A unit used by astronomers to express the flux density of radio energy from the sun as received at the Earth. One solar flux unit = 10⁻²² watt per square meter-hertz. Symbol, sfu. 1 sfu = 10,000 jansky.
The solar flux density is proportional to the sunspot number. Typically, the solar flux density is measured at a wavelength of 10.7 centimeters (approximately corresponding to a frequency of 2800 megahertz), because these measurements correlate with the sun's output in the ultraviolet. Values range from 67 sfu (when the sun shows no sunspots) to 300 sfu, but bursts can be much higher. The record is 55,000 sfu, recorded on 6 June 1991.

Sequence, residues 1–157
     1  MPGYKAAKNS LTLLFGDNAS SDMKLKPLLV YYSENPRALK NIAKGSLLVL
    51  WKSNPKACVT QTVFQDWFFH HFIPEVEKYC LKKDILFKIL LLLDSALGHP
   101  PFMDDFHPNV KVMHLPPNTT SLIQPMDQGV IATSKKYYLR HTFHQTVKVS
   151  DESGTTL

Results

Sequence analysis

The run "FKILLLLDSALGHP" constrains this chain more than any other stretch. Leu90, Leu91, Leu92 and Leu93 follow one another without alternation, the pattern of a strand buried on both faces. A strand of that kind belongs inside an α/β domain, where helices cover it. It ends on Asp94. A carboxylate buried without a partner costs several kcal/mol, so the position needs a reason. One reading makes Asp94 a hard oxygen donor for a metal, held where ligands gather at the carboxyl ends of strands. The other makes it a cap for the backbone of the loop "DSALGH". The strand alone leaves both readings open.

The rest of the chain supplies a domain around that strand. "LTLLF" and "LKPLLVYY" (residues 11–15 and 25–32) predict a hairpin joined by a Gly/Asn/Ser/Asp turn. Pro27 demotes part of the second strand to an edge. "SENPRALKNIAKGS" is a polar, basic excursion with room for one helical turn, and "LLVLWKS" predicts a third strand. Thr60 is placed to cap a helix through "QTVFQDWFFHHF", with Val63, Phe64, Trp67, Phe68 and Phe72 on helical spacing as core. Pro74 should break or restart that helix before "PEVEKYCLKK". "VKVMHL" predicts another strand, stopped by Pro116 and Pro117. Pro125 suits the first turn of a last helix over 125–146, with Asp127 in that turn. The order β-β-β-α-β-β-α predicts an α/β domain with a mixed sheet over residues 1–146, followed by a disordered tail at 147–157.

Radio amateurs who delight in receiving distant stations (DX'ers) take great interest in sfu, because the long distance transmission of shortwave signals depends on reflecting signals off the ionosphere, and the state of the ionosphere depends on the solar flux. At 18 minutes past the hour, the NIST radio station WWV (Fort Collins, CO) broadcasts a measurement in sfu of the solar radio flux at 10.7 cm (2800 MHz), obtained from a radio telescope at the Penticton Radio Observatory in British Columbia. Readings are updated every three hours, beginning at midnight UTC. The text of the current report can be accessed through the web at www.swpc.noaa.gov/products/geophysical-alert-wwv-text
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Last revised: 2 September 2016.